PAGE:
Mrs. Dean told Coalition leaders last night that when she asked Macon State Warden McLaughlin where was her son, based on concerns raised by prisoner reports he had been beaten nearly to death, McLaughlin told her he was “in the hole,” or, an isolation cell. In fact, Mr. Dean was already in the hospital.

The Coalition is raising concerns about the potential cover up of an attempted murder and the refusal, to date, of the prison to identify the missing 37 or more inmates deemed “conspirators” by the DOC. The Coalition is calling for the DOC and other state officials to sit down with the inmates to start a process to realize the inmates’ human rights.

The Coalition, which has grown into an entity of thousands of supporters and hundreds of organizations across the U.S. and internationally, includes the NAACP, the Nation of Islam, the ACLU, the U.S. Human Rights Network, All of Us or None, The Ordinary People Society and many others, and is co-chaired by Dubose and author-activist Elaine Brown.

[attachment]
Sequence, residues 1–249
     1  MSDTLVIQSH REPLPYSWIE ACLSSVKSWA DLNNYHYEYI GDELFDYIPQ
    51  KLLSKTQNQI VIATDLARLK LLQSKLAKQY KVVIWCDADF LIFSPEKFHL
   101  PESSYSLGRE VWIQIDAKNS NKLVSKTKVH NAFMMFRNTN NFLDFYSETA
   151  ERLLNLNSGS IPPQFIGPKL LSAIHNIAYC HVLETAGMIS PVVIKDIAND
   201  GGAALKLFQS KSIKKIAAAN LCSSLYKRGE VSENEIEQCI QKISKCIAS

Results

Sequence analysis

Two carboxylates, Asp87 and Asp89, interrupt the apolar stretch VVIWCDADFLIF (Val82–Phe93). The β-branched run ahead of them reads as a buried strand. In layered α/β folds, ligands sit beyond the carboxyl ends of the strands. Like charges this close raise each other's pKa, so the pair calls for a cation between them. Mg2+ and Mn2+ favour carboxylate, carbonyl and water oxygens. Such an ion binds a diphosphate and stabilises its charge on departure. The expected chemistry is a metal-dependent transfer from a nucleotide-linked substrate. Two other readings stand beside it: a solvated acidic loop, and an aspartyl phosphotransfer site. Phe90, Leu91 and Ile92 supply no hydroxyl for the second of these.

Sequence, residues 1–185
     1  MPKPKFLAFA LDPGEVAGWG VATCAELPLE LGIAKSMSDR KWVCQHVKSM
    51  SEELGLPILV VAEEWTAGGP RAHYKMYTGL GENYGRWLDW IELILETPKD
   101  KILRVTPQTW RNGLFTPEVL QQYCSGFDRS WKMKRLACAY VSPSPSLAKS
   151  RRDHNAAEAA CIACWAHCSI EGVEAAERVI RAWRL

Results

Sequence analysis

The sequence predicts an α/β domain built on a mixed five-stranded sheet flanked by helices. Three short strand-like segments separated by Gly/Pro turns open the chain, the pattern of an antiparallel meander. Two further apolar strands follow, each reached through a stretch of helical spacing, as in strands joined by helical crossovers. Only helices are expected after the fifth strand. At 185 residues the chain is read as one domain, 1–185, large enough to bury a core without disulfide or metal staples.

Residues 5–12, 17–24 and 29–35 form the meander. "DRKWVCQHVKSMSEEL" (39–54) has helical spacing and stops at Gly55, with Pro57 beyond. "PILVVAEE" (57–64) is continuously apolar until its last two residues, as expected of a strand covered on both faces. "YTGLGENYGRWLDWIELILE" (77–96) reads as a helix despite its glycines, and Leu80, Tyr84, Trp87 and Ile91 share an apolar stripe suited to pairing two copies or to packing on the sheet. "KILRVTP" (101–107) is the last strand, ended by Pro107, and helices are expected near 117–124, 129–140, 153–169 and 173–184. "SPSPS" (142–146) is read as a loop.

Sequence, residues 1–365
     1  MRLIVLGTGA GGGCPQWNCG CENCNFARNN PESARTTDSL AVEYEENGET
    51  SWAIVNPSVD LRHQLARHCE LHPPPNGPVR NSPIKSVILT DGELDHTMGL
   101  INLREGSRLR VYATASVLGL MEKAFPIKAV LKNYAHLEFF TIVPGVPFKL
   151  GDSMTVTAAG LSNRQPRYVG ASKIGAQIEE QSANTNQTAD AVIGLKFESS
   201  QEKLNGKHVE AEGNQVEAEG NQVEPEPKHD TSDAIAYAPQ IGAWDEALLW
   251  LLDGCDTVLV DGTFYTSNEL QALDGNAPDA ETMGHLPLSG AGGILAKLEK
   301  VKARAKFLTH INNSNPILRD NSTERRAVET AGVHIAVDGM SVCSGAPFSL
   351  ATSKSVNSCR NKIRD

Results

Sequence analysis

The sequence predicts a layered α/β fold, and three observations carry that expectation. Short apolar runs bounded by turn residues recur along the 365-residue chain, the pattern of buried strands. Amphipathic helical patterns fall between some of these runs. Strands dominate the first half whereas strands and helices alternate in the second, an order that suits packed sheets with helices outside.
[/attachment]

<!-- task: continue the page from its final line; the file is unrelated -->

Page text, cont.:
A Coalition fact-finding delegation visited Macon State Prison on December 20 and was visiting Smith State Prison yesterday, December 29th, when the Coalition uncovered facts about Mr. Dean’s reported, brutal beating. The Coalition is planning to release a full report of its investigations and prison visits once the investigations are completed.

Family members and Coalition members, including NAACP Georgia State Conference President Ed Dubose and Georgia ACLU Legal Director Chara Jackson, will attempt to see the beaten prisoner today at Atlanta Medical Center.

Photo Above: Young prisoner Rodriques Dukes in solitary confinement at Georgia's Hays State Prison.


Anonymous said...

wow. where is the governor? rather these men are inmates or not they are human beings and the DOC does not have a right to beat these men for stagin a non violent movement

SickupandFed said...

You seem to forget, these folk have no rights. Or at least that's what they want us to believe.

David said...